Whether enacted or not, Section 1115 does not give HHS the authority to waive Section 1903 of the Social Security Act. SSA Section 1903 governs the provision of the federal Medicaid’s matching funds to states. If challenged in court, the block grant policy struck down and would face a fate similar to work requirement waivers. As of yet, no court has ruled on the Healthy Adult Opportunity (HAO) initiative.
Only two states had sought to participate in the HAO initiative.
- Oklahoma withdrew a waiver application after amending its the state constitution to support an expansion, and
- Tennessee submitted a block grant waiver application before the implementation of HAO.
Since approval has not been given, the withdrawal is relatively easy. A new HHS secretary would clarify Medicaid policy stating the HAO waiver proposals are unacceptable.
Reverse Policies That Cut Benefits
Implementing 1115-Waivers policies allow increased Medicaid cost sharing and limits on benefits and coverage. Some state policies initiated during the Obama administration were give-aways in state negotiations to encourage expansion. Under 1115-Waivers, Medicaid retroactive costs for qualified enrollees three months prior to enrollment could be disallowed by the state. The waivers allowed states to also drop enrollees for nonpayment and also require frequent redeterminations.
Cost sharing, limits on benefits, and coverage requirements rules should not be a part of Medicaid and eliminated by the new administration.
Restore Access To Planned Parenthood Services
Under the Trump administration, HHS gave states leeway to modify Medicaid’s free-choice-of-provider requirements. Some states eliminated Planned Parenthood as a qualified provider for payment purposes. Most federal courts rejected this with the exception of the Fifth Circuit (Planned Parenthood vs. Kaufman). In its decision, beneficiaries do not have standing to challenge state decisions to eliminate providers from Medicaid. The decision restricts low-income patients’ access to mammograms, Pap smears, and other preventive care, such as screening for sexually transmitted infections. Newly elected President Biden needs to reverse this policy.
Paying Back Medicaid
I have added this particular Medicaid issue. There are many stories of people caring for other relatives, spouses, etc. who are on Medicaid. Upon the death of the relation, Medicaid billed the survivors left with the assets (house, etc.) of the deceased. Survivors liquidated those assets to payback Medicaid. The parents no longer had income or could afford healthcare, and went on Medicaid. It would seem to me a resolution could be to limit as to what can be taken very much like there is with an inheritance after death.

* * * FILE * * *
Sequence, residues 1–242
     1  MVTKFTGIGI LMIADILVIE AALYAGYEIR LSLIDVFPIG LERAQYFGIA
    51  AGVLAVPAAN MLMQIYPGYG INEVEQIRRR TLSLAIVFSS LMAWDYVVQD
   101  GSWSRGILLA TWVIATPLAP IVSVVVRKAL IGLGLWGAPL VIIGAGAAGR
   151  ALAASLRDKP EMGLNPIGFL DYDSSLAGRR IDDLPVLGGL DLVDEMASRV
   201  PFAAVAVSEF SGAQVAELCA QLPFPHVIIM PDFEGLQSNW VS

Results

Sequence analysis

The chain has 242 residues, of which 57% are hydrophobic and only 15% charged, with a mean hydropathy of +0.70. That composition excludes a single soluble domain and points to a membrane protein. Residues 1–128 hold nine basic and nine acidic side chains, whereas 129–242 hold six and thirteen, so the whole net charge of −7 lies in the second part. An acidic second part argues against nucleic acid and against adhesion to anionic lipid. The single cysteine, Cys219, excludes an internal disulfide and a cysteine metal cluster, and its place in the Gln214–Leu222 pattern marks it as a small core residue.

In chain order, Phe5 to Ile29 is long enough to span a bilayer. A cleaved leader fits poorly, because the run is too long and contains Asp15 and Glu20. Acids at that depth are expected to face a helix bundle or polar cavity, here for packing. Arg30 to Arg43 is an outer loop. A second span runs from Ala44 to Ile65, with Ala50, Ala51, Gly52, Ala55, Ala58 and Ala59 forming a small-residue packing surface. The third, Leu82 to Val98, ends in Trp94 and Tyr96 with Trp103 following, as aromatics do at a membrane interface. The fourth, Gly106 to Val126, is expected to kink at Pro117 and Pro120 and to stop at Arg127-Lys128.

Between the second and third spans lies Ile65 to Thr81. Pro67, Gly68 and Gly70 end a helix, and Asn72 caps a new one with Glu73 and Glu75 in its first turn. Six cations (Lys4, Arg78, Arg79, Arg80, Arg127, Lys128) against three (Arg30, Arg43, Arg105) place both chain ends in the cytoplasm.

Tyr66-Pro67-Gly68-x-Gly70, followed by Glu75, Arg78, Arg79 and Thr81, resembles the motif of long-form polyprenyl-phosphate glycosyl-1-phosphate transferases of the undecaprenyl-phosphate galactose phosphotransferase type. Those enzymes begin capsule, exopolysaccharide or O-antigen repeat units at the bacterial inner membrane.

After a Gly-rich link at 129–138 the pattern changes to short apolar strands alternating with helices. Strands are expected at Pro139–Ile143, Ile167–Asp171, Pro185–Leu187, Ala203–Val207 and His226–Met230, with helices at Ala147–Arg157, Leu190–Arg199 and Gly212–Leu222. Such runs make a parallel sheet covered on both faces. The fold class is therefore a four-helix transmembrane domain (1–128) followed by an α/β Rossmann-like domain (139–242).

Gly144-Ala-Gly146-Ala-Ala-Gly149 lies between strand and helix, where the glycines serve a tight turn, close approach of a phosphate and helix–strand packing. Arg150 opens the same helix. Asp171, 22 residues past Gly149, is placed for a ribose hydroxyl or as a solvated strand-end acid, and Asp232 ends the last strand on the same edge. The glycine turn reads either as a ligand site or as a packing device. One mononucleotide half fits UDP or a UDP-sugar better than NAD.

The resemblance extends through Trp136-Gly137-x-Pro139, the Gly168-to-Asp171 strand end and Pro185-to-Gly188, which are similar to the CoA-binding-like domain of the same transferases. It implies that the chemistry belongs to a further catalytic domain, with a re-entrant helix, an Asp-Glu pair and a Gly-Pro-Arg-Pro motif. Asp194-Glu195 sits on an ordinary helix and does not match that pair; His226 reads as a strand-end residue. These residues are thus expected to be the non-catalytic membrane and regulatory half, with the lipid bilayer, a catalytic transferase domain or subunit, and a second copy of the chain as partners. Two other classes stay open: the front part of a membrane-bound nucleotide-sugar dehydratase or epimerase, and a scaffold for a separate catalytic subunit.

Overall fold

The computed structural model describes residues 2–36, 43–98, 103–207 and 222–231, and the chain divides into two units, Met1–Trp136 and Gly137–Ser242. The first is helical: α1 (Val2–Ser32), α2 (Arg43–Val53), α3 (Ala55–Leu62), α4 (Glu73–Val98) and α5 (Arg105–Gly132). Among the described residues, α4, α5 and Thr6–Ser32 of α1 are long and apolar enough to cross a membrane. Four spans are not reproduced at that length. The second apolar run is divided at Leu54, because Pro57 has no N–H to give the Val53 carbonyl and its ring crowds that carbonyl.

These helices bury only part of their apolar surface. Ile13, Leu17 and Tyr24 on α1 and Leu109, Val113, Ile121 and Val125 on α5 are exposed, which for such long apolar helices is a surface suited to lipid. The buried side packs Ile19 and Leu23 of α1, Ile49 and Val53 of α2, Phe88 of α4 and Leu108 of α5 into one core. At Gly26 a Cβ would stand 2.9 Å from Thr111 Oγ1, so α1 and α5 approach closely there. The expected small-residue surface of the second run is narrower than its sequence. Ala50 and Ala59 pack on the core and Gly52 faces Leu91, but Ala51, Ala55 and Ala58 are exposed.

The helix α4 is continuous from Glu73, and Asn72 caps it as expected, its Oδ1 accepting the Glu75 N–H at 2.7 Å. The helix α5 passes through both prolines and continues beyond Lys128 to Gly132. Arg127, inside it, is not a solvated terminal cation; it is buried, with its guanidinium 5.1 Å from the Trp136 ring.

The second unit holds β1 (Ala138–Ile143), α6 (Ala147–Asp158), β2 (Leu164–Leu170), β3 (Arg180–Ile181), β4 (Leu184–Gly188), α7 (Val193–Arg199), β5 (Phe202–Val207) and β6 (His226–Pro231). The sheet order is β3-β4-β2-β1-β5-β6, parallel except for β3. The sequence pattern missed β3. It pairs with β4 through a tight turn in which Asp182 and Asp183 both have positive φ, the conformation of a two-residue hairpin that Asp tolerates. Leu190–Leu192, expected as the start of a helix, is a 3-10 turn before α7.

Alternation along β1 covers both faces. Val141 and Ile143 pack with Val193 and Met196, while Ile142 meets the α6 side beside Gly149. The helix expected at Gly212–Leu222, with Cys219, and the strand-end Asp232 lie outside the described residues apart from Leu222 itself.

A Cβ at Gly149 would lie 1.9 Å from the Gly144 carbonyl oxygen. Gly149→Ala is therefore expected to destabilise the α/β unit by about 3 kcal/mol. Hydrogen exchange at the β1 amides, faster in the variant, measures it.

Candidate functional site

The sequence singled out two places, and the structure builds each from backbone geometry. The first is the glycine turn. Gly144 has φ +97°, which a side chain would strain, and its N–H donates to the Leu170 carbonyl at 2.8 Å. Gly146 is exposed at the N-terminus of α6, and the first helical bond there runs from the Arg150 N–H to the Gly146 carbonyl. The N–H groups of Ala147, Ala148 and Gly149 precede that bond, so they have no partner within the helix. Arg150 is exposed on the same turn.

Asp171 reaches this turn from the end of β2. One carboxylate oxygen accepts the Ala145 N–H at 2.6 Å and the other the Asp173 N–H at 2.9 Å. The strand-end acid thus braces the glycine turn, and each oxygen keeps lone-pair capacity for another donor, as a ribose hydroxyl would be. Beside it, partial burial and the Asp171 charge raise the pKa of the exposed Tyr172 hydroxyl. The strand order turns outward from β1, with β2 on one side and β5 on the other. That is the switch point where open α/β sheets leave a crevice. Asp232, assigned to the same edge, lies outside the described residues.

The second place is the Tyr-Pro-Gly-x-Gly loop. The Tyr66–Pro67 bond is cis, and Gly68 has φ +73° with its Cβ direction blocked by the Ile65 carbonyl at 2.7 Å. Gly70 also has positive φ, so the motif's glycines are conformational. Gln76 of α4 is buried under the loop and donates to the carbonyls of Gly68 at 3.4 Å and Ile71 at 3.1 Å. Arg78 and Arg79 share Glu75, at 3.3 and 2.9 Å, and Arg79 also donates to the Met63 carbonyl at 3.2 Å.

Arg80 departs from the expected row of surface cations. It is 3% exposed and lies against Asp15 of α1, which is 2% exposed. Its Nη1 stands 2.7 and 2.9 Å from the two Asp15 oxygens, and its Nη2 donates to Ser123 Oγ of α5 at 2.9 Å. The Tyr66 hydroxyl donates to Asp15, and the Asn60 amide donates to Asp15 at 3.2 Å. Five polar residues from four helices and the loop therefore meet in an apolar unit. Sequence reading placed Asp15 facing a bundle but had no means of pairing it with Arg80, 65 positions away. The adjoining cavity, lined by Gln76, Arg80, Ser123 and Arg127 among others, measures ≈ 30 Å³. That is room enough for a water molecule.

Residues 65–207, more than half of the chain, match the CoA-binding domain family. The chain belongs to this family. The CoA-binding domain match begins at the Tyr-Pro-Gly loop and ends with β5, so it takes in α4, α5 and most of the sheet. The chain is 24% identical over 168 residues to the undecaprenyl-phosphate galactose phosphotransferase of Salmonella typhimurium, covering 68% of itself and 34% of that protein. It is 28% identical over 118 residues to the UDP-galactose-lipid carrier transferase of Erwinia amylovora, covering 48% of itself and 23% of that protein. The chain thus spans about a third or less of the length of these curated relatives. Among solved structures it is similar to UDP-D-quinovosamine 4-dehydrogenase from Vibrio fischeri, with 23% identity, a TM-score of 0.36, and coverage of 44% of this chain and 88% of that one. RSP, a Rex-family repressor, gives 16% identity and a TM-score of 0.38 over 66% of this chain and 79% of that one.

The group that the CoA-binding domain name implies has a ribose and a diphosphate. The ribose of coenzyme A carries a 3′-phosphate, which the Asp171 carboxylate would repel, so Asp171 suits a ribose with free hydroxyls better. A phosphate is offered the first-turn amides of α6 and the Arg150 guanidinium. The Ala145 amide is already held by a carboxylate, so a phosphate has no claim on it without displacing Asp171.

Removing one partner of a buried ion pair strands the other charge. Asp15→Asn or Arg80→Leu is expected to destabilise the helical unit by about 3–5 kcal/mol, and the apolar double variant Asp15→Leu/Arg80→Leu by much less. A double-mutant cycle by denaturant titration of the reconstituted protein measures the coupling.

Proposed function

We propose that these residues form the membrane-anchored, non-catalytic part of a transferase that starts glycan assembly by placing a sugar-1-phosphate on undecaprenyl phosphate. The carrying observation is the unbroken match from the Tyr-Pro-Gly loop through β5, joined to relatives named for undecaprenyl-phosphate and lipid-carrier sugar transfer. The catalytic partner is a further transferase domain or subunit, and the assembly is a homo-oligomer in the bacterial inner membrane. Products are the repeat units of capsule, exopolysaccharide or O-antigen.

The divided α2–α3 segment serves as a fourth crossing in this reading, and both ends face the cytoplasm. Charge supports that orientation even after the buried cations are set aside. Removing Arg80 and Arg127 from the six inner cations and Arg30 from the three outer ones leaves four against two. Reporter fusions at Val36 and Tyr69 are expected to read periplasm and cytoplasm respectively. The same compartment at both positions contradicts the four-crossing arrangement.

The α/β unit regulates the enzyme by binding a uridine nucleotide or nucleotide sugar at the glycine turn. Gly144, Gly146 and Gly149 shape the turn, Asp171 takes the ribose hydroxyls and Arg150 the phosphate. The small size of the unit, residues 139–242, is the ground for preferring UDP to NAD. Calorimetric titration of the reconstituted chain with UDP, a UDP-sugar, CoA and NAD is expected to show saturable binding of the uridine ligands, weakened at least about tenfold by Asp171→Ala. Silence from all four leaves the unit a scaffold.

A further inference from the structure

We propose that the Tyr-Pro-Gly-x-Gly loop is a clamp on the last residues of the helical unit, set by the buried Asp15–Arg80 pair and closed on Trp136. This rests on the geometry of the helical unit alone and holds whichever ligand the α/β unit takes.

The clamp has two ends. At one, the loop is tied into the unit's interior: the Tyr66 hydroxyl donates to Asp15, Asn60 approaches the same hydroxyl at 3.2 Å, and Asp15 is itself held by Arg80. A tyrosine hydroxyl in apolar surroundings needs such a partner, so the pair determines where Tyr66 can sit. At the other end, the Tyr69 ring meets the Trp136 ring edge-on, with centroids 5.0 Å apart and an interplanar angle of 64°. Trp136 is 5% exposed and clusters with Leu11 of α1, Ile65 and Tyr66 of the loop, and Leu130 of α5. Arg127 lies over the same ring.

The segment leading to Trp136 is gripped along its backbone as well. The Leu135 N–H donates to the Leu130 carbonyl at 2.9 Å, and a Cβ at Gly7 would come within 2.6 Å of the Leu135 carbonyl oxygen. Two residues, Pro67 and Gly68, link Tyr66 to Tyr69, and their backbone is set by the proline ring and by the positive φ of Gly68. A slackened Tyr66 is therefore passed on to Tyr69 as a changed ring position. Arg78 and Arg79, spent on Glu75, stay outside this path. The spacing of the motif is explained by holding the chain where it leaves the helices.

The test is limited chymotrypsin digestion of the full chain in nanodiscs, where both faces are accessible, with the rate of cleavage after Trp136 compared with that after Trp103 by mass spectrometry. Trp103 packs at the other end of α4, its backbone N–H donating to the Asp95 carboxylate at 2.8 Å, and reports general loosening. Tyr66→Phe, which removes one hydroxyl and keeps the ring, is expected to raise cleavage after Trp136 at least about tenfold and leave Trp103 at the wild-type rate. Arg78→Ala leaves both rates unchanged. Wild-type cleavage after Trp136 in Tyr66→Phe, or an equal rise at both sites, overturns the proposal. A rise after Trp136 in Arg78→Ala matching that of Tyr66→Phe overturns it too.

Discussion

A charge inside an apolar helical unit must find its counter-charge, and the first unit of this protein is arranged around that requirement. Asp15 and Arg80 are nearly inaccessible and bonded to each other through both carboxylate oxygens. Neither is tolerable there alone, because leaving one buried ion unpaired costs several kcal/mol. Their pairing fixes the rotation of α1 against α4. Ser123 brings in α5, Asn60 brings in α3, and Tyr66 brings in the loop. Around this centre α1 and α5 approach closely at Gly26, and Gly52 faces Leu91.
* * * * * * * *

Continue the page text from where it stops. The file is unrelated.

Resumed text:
In The End?
Until we get better healthcare such as Single Payer, Medicaid is the fall back for most US citizens in times of unemployment or crisis.
Medicaid purpose and functions as a tool is to protect individual and public health, addressing social determinants, diminishing entrenched disparities, and improving coverage and access to care for vulnerable communities and to stabilize state budgets.
The Trump administration worked to undermine the program along with the ACA.
“The Biden Administration Must Restore The Soul Of Medicaid”, Health Affairs, January 11, 2021, Nicole Hubereld, Paul Shafer
One obstacle that I frequently run into is that working people do not understand sovereign deficits and debt. Republicans just lie outright to the public and Democrats fib, fearful of any hint to the relationship between trade and fiscal deficits or the necessity of growth in GDP, either nominal or real will do, to service the interest payments on growing debt. Honest discussion is the furthest thing from the minds of elites.
Hence financing needed programs faces political headwinds while deflationary pressures continue to circle the economic drain.
The 1972 Limits to Growth commissioned by the Club of Rome only told half-truths. Most people, whether liberal or conservative, did not want to believe the truth (infinite growth versus finite resources) of it any more than they wanted to admit the other half of it (exporting jobs to developing economies in order to reduce immigration).
Off topic? No! If you want the working majority to support programs to help the poor, then first thing to do is to calm down that fearful lizard tossing around in their heads.
Biden appears to be on track with his $1,400 stimulus booster shot and $15 per hour minimum wage. To help the homeless we must start by keeping people in their homes.
So, back to yep.
States are not well equipped to pay their share of Medicaid for any expansion. Could Uncle carry the full load until the pandemic and economic aftermath is sorted out? Lending to the states is a non-starter, particularly in states that did not take the expansion.
Then what to do about the fiscal deficit and federal debt perception? How would the US respond to exchange rate devaluation, inflation, and interest rate increases? These are not insurmountable problems, but they would not be exactly playing to our strengths either. The bigger part of these problems is managing the public response to rising oil and other prices along with each the FIRE and real goods production business sectors.
Probably Amazon and Fed-ex can absorb the price changes without a hiccup. I guess that is most of the non-finance service sector now.